The Campus Climate Index, a new system of rating colleges for their “friendliness” on policies, programs and practices toward LGBT groups on campus, rated the College of William and Mary as a 3.5 on a five-point scale.
The survey shows that the College received perfect scores in the category of LGBT support and institutional commitment and in the category of student life. However, the College fell short on both campus safety and policy inclusion, receiving a 1.5 and 2.5 respectively.
Lambda Alliance Co-President Cassie Cole ’12 said that the shortcomings are not entirely the school’s fault.
“Being a Virginian public school … when could we get a five in the next 10 years? A lot of that is the political climate,” Cole said.
The state government controls several of the issues that the survey addresses, especially gender-neutral housing.
“The state law in Virginia requires us to house students according to their legal birth certificates,” Director of Residence Life Deb Boykin said.
The state government has also attempted to further control issues that the survey addresses. In May 2010, Virginia Attorney General Ken Cuccinelli sent a letter to Virginia public universities that asked them to eliminate campus policies that ban discrimination based on sexual orientation.
“[Cuccinelli] sent out a letter to the public universities in Virginia saying that they didn’t have the authority to include gender identity and orientation in their campus-wide anti-discrimination policies,” Cole said. “And that happened in part because William and Mary was about to include it.”
Among institutions of higher education, the College placed in the middle of the pack with an average score of 3.5, with the University of Virginia also receiving a score of 3.5. American University was one of the few campuses to receive a perfect score of 5, while Old Dominion University and Hampden-Sydney College only received 1.5 stars each.
While the College received an above-average ranking, some members of the campus community recognize that there is room for improvement. Lambda Alliance secretary Mikki McCall ’13 recalled an instance when she and a group of friends were called “a bunch of faggots.”
“We do have harassment that does occur,” Cole said.
According to campus safety records, the problem is relatively contained, with only one incident of a hate crime of any sort occurring in the last 10 years.
As Thomas Heacox, professor of “Literature and Homosexuality,” suggested, such harrassment may result from ignorance.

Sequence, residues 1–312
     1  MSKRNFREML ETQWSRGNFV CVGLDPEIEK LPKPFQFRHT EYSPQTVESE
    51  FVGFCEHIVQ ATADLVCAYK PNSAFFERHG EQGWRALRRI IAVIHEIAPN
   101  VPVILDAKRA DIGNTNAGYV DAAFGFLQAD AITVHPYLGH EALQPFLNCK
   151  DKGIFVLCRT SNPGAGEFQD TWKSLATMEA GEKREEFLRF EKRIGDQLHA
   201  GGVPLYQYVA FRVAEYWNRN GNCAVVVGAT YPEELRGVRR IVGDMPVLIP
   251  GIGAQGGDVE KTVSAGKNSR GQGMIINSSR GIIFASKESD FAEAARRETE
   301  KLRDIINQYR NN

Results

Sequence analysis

“The students who come here are simply more mainstream in their background and upbringing,” Heacox said. “I think they haven’t had quite as much experience of sexual and cultural diversity as some of the students in other schools.”
Heacox recognized a general change in the general campus atmosphere toward LGBT issues.
“Things are getting better,” Heacox said.
Campus organizations continue to work to improve campus attitude toward LGBT issues. Kim Green, a SafeZone coordinator, has helped to plan events to raise awareness for LGBT issues.
“We have three workshops and we
already have people on our waiting lists,” Green said. “I hope this will increase campus safety because more people will know how to talk about [the problems of homophobia and heterosexism].”
Academics at the College have also continued to change to support an atmosphere of LGBT friendliness.
“Gay material is finding its way into many, many courses,” Heacox said.
Additionally, Earl Gregg Swem Library contains more than 1,000 books dealing with LGBT subjects and more than 20 periodicals with gays and lesbians as their target audience.
In the category of health care and counseling, the College received an score of 3.5. According to Director of Student Health Virginia Wells, the Student Heath Center staff is trained in a program entitled “Advocating for LGBT Cultural Competency in Medical Settings.”
“A recent survey revealed that none of the students indicated gender identity as a barrier to seeking care,” Wells said.
While the survey pointed out various areas of improvement in the handling of LGBT issues for the College, the rating established the College as an LGBT-friendly school.
“I think overall it’s very positive,” Cole said.